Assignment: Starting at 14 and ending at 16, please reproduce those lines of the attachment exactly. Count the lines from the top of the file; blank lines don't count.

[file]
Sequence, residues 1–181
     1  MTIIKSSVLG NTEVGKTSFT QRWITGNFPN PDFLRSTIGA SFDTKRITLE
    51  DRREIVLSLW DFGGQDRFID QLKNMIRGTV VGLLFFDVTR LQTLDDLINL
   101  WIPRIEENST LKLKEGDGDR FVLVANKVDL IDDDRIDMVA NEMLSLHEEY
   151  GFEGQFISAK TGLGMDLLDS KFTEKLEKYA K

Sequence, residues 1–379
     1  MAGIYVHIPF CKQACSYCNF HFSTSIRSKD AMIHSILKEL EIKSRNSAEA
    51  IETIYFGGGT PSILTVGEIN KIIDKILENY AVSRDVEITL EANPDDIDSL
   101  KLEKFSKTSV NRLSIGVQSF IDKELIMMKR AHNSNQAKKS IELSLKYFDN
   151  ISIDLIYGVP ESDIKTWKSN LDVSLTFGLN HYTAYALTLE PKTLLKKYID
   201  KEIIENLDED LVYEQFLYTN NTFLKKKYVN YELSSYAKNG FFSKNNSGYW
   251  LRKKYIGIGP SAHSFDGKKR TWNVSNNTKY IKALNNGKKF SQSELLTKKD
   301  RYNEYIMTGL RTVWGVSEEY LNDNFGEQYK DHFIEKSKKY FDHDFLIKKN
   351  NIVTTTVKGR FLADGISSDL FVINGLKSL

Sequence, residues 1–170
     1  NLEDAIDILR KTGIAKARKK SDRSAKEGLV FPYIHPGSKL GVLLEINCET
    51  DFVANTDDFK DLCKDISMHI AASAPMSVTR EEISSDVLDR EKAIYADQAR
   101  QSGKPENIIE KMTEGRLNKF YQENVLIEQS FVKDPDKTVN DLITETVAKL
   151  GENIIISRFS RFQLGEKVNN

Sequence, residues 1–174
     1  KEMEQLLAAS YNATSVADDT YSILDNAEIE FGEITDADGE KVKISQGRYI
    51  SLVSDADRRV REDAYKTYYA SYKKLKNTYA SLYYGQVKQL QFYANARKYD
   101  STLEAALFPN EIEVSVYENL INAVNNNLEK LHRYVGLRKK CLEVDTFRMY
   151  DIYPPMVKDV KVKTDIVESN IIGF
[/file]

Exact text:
   351  NIVTTTVKGR FLADGISSDL FVINGLKSL

Sequence, residues 1–170
     1  NLEDAIDILR KTGIAKARKK SDRSAKEGLV FPYIHPGSKL GVLLEINCET